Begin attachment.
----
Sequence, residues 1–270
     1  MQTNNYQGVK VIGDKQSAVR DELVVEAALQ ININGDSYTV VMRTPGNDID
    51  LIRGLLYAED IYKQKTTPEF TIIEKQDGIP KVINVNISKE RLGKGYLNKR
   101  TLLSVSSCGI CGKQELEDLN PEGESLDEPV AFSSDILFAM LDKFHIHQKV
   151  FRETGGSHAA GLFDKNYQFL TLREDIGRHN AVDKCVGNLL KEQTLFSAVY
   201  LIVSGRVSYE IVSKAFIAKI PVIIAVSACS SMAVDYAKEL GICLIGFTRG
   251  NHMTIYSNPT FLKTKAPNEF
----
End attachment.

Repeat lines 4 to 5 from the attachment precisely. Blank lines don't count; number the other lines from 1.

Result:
   101  TLLSVSSCGI CGKQELEDLN PEGESLDEPV AFSSDILFAM LDKFHIHQKV
   151  FRETGGSHAA GLFDKNYQFL TLREDIGRHN AVDKCVGNLL KEQTLFSAVY